John LoSecco, professor of physics, will spend six months in France as a Fulbright Foreign Scholar starting this fall. The award will enable him to be on-site at a critical stage of the international Double Chooz experiment that has been under way for years. The project will be installing its second neutrino detector north of Paris in August. LoSecco expects to participate in other projects also.
The experiment, aimed at better understanding fundamental properties of neutrinos, has been collecting data since last year from its first detector, slightly more than 1 kilometer away from two of the largest nuclear reactors in the world. The effort involves a team of some 100 people from around the world, including the United States, Japan Germany, France, Spain, Brazil and Russia. The group published a paper early this year.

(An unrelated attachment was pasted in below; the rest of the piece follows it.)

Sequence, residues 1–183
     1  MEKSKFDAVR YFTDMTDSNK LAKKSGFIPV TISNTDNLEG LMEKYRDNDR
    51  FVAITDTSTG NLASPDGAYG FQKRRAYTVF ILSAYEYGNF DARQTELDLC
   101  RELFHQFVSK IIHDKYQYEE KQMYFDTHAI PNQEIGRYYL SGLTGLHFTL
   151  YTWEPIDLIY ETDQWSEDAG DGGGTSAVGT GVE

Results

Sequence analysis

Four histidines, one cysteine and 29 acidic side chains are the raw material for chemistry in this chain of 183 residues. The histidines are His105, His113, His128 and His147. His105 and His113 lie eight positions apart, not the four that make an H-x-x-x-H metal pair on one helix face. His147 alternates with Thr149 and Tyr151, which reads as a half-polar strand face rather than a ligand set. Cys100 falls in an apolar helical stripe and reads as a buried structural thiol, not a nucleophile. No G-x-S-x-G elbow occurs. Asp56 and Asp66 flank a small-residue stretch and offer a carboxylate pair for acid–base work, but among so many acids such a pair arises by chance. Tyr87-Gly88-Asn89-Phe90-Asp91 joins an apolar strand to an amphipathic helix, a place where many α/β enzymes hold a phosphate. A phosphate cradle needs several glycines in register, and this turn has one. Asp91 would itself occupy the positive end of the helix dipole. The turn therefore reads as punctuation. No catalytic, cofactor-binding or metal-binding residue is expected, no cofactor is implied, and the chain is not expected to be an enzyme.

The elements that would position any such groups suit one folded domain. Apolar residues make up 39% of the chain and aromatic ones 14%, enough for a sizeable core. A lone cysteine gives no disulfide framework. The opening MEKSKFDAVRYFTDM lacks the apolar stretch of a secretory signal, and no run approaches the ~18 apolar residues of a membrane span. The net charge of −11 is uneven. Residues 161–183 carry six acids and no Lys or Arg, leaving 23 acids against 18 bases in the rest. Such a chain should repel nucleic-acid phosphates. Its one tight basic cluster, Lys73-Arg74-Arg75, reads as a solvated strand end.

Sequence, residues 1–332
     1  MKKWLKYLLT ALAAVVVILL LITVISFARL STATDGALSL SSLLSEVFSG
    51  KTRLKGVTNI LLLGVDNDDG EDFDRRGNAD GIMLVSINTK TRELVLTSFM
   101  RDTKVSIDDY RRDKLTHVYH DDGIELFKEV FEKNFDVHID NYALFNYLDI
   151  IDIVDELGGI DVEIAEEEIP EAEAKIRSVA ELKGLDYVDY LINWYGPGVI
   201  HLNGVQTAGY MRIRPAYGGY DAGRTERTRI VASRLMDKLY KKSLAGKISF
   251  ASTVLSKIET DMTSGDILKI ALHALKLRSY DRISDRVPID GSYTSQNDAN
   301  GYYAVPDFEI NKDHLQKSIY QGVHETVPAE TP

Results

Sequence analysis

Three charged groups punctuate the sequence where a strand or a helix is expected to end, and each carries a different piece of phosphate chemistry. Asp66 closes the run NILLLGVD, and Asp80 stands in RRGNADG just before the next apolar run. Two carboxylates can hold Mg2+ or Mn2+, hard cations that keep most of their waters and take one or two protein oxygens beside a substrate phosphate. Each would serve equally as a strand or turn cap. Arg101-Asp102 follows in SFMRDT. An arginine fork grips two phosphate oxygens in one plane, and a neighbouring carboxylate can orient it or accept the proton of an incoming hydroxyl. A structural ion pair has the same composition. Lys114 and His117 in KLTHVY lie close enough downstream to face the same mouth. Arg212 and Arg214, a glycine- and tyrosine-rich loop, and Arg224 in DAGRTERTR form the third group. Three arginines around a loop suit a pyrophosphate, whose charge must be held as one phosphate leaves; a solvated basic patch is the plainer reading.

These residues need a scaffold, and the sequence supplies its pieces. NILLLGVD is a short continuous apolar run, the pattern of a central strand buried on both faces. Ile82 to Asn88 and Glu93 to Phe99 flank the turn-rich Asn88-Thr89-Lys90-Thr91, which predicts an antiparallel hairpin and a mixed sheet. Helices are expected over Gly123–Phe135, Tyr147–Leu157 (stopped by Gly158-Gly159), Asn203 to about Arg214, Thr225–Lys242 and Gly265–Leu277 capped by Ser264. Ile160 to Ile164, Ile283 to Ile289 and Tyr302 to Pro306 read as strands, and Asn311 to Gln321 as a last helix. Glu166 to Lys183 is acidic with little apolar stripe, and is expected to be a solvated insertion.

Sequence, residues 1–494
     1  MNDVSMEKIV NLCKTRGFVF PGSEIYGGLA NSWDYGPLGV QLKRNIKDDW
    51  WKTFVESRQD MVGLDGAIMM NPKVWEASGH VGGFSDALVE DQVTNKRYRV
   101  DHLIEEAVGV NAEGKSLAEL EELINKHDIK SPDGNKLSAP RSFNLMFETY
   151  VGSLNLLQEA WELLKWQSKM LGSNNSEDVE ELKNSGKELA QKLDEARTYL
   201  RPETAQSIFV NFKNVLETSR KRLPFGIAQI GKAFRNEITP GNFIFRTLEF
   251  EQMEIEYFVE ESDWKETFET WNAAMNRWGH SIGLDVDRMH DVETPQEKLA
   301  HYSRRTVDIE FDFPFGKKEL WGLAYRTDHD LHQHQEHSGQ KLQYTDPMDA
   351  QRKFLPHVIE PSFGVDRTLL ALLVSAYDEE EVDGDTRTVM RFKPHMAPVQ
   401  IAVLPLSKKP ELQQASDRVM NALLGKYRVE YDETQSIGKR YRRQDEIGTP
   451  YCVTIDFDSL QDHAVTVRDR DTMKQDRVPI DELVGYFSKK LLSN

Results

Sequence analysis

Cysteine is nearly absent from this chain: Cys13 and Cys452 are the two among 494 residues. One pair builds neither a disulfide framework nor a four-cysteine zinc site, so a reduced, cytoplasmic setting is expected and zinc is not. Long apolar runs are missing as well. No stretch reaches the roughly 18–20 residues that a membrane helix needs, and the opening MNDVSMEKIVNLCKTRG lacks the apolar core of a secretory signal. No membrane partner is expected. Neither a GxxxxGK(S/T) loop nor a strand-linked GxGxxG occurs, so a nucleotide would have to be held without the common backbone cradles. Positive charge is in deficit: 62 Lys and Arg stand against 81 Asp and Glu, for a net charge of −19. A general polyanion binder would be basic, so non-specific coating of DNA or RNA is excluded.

The second detector, built closer to the reactor, will enable the team to refine the data analysis and correct errors. Precision measurements at the neutrino spectrum are capable of indicating changes in the nuclear fuel mix used in reactors, such as plutonium and uranium, without requiring access to the reactors. LoSecco has been on the team for six years.
LoSecco, who earned his undergraduate degree at Cooper Union and his PhD at Harvard University, came to Notre Dame 27 years ago. His European collaborators, among others, supported his effort to gain the award. The Fulbright Foreign Scholarship is sponsored by the US State Department. Some 300,000 have participated in the program in more than 60 years, and 43 have won Nobel Prizes.